This concerns the question of how I deal with my time and how I control my work processes – and ultimately myself. Effective people stand out because they are ahead of the issues, use their communication channels in a disciplined manner and have their deadlines under control. None of this is spectacular and yet these are prerequisites for effectiveness and thus for self-motivation. Do I control myself or am I externally controlled? Do I drive the topics forward or am I permanently driven? Many people leave their working methods to chance or are not aware of their importance. Self-motivation begins with leading one's own person.

Fourth – A balanced private life

The topic of motivation is often seen in the world of work. However, performance also depends on a stable and inspiring private environment. Even the most difficult professional situations can be endured if one can draw a lot of inner strength from one's private life; the opposite is also true, of course. Especially in a time of increasing isolation and digitalisation of relationships, partnership, family, real friends and appreciative acquaintances become more and more important. So what is meant is not society events or likes in the social media. All of this is a waste of time, does not last long and has nothing to do with a balanced private life.

Fifth – A demanding hobby and fitness

Even if these factors may sound a bit banal, they have an enormous influence on quality of life and the ability to self-motivate in the long run. A special sign of poverty is when life consists only of a job. This may be challenging and perhaps also financially very adequate, but sooner or later there will be a massive sense deficit. The solution is a challenging hobby or interest: Sports, culture, clubs, voluntary work and the like. It is important that this employment is challenging and fulfilling. Fitness is closely linked to this – especially when one's age is beyond thirty. Regular exercise, a healthy diet, rest periods and relaxation are not only prerequisites for long-term performance, but also a source of life and self-motivation.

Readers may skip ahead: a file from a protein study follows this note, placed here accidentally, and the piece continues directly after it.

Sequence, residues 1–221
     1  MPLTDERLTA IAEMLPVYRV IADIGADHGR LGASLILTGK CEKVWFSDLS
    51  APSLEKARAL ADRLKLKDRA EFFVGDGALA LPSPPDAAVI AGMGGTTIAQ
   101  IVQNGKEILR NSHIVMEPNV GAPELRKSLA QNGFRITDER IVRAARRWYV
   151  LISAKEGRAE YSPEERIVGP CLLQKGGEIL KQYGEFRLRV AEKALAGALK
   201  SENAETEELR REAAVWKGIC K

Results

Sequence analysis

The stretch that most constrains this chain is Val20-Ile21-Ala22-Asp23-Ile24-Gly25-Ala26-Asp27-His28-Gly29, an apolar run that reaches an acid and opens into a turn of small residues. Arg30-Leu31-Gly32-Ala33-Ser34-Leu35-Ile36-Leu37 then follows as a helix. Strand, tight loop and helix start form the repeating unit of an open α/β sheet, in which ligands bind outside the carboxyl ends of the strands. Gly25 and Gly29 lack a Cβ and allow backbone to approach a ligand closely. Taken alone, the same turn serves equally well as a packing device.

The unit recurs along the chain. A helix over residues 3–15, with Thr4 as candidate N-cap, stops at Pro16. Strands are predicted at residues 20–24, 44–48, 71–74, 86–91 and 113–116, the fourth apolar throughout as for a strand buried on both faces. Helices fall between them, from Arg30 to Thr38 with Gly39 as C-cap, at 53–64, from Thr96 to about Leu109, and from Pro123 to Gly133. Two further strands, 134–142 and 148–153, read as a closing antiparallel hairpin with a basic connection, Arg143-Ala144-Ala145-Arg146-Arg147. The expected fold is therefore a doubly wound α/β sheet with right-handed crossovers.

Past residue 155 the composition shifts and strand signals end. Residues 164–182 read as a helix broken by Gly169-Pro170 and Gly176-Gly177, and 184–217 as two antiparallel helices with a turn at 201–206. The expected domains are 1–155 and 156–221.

The factors influencing self-motivation show that only one thing matters: myself. Is there such a thing as meaning in my life? Am I active and capable of feeling joy in what I have achieved? These questions have nothing to do with education, money or hierarchy, but with an attitude to life. Against this background, the frequently used term work-life balance is wrong because it constructs a contrast between work and life. The correct umbrella term is sense of life and includes all dimensions of life: private and professional, individual and social, body and mind, present and future.

Self-motivation does not require a deep psychological approach or esoteric circles of experience. The five factors presented are the key issues that matter. It is important to always determine one's position and to talk about it with exchange partners. Then it will be possible to be independent of the motivation of others and to become the source of one's own meaning of life.

Sources

Stöger, R. (2017): Strategieentwicklung für die Praxis (Strategy development for practice), Stuttgart.

Stöger, R. (2016): Die Toolbox für Manager (The Toolbox for Managers), Stuttgart.